News report screengrab of Landry Thompson and Emmanuel Hurd that says, "HDB takes teen dancer to CPS."

If you’re sending your teenager on a trip out of state, you could pick worse guardians than 29-year-old Emmanuel Hurd and 22-year-old Josiah Kelly. Hurd is 13-year-old Landry Thompson’s instructor and Kelly is Thompson’s dance partner. After rehearsing dance moves until 3 a.m., the Tulsa men were taking the teenager on a trip to Houston to record a dance video at Houston’s Planet Funk Studio.

On their journey, while in a gas station parking lot, the trio was stopped by police. All three dancers were handcuffed, and Thompson was held by Child Protective Services for 11 hours—despite the fact that officers spoke to Thompson’s mother over the phone

“They were convinced I was a runaway,” Landry said.

Police then called Landry’s parents in Oklahoma, who were surprised by the officer’s tone. Destiny Thompson recalled the conversation.

“’Are you aware your daughter is with two black men?’ When I said ‘Yes, I’m aware of that,’ he called into questioning our parenting,” the mother said.

Landry is home schooled and travels frequently for dance. The Thompsons asked Hurd to look after their daughter on this trip. Realizing the group made an unlikely trio, they packed a raft of documents.

“Emmanuel had a letter signed by us, had every contact number they could’ve possibly needed, he had her insurance card, he had her original birth certificate, not a copy,” the mother said.

The couple even scanned their driver’s licenses and faxed them to police during all this. The Houston police officers did not believe the parents or the men.

The duo seem to be pretty good guardians, though—according to KHOU, they waited for her at CPS for the duration of her detainment, first in the lobby and then, after being asked to leave, in the car outside the building for six hours. 

The story made national news today, and it’s not hard to see why: Landry was detained for 11 hours despite traveling with people that her parents not only placed her in the care of, but who possessed extensive documentation of that parental permission. Raising questions about whether this is an instance of racial profiling certainly seems appropriate. 

HPD issued a statement in response to the attention, but it doesn’t address those specific concerns: 

In a statement, HPD said, “Given the age discrepancies, the fact that all three were from out of state, and the child had no relatives in the area, officers in an abundance of caution, did their utmost to ensure her safety” and sent her to CPS.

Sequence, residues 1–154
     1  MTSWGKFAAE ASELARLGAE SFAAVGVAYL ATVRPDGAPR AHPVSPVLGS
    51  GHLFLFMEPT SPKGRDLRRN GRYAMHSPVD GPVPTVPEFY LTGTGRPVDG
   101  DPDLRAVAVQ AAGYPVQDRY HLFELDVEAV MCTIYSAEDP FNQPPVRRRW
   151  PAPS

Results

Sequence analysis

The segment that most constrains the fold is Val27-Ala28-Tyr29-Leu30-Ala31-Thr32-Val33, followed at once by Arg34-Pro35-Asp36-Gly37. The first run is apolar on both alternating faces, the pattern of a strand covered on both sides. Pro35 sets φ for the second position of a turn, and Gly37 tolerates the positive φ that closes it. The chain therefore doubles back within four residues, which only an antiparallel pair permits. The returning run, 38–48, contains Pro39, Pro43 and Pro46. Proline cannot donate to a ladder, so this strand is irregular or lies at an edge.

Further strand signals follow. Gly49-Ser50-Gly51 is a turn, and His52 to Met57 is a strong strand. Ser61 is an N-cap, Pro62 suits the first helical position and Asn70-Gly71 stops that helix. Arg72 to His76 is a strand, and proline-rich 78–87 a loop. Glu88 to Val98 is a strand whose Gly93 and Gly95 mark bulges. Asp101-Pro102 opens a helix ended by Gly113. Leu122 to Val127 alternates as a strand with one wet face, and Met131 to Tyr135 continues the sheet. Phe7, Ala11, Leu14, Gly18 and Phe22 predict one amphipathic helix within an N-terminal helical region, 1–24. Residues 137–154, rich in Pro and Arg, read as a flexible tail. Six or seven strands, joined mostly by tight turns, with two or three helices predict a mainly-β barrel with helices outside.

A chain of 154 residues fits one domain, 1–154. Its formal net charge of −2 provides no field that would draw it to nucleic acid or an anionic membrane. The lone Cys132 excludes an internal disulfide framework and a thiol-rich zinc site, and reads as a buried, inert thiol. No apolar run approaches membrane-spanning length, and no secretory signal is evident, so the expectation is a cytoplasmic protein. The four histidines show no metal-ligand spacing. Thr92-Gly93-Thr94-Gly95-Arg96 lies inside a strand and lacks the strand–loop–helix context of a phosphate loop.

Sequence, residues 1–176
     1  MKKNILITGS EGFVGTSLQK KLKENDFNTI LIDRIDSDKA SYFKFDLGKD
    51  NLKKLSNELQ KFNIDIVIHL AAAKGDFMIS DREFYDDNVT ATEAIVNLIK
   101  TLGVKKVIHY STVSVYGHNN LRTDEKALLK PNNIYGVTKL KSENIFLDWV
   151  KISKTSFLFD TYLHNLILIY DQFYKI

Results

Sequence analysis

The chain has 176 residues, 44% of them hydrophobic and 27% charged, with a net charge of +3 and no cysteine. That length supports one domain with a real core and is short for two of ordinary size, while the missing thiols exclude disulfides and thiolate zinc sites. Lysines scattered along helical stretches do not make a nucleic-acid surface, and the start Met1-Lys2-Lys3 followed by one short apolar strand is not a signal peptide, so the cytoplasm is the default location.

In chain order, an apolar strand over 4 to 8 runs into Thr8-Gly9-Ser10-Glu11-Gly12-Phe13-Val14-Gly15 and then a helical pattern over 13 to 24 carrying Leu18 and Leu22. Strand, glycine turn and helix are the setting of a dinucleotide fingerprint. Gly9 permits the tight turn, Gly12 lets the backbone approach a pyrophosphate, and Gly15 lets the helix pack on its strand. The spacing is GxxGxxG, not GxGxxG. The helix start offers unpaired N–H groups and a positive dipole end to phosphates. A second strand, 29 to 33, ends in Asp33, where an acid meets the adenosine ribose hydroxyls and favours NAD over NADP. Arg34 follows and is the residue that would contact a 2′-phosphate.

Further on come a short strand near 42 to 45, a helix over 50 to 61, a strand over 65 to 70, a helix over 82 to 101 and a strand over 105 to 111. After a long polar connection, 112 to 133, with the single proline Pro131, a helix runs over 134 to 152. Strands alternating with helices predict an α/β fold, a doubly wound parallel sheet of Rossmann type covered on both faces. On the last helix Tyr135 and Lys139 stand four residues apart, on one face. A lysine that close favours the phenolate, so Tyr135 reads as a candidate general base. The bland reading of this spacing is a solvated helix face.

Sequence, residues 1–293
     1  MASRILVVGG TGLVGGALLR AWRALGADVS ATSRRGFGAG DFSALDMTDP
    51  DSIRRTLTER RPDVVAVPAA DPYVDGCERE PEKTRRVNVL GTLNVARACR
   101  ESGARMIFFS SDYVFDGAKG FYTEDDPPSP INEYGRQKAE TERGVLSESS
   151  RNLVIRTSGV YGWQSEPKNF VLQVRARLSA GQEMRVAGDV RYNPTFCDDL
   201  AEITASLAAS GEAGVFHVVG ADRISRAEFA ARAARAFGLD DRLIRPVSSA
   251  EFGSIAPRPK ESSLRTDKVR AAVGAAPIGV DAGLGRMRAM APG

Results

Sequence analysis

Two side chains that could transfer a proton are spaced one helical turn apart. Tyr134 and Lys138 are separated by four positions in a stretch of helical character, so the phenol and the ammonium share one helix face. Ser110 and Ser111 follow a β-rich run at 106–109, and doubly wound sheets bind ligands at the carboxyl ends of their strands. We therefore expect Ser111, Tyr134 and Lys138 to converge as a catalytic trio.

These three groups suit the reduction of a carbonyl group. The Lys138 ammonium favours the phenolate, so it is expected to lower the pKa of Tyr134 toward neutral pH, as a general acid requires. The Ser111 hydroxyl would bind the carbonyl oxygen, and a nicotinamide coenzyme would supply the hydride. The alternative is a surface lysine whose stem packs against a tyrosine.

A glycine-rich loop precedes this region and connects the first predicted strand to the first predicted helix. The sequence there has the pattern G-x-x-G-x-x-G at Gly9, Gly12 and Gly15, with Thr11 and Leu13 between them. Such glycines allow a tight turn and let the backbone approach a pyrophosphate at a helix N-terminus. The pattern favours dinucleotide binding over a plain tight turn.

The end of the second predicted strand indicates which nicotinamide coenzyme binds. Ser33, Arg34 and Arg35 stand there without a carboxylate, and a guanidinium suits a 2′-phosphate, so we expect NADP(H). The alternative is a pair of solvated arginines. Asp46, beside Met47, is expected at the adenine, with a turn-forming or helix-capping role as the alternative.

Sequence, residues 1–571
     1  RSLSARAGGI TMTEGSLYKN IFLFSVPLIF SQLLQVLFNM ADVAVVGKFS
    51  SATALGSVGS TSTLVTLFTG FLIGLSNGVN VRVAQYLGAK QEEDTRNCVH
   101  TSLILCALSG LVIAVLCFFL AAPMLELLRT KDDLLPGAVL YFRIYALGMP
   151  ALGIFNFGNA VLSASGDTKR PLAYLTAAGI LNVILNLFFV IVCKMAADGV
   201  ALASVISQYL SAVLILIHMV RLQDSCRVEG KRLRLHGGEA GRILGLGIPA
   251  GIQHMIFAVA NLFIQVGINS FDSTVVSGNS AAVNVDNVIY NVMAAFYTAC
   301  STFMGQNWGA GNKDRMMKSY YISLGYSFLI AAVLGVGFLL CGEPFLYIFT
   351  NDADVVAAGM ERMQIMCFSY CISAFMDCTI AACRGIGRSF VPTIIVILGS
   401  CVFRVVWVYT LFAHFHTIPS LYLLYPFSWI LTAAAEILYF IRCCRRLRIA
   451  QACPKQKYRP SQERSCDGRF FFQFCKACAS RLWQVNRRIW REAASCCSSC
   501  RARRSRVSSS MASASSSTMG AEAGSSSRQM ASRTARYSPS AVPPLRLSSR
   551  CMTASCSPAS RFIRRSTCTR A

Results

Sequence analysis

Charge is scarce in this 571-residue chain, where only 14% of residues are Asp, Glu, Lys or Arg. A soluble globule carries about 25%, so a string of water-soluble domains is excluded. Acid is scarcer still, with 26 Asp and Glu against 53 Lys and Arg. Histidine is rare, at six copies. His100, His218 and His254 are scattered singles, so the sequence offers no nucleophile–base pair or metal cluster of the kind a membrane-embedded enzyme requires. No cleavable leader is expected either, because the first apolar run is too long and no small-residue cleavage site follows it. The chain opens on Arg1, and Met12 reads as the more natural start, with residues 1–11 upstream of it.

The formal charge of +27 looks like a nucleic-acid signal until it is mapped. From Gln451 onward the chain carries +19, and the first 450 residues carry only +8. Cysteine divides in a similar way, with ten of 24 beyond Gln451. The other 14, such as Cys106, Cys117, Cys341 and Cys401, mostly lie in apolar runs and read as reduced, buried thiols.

Landry’s mother was initially told she would need to travel to Houston herself to have her daughter released to her custody, but after repeated phone calls, the teen was finally released back to Hurd and Kelly. 

Comments on sites like Gawker have defended HPD

If police investigate suspicious activity people who are innocent are sometimes going to be inconvenienced. But if police ignore suspicious activity, then people will die from crimes that could have been prevented.

The fact is, it is not uncommon for children in this country to be trafficked into prostitution. People sleeping in a car in a convenience store parking lot strongly suggests drug activity. If you think the police should have seen that and ignored it, I’d really like to know what you think police are supposed to do.

To be sure, HPD’s decision to investigate the trio makes sense. While it’s not unreasonable to expect police to ask questions when they find a teenage girl in a car with men she doesn’t appear to be related to, it’s harder to explain why they were so steadfast in refusing to accept any of the answers. What should the police have done? That answer seems easy: accept the presented documentation and the girl’s parents’ explanation. But what should Hurd, Kelly, and Thompson have done? If notarized proof that they are authorized to travel with the girl isn’t sufficient, that’s a tough question to answer.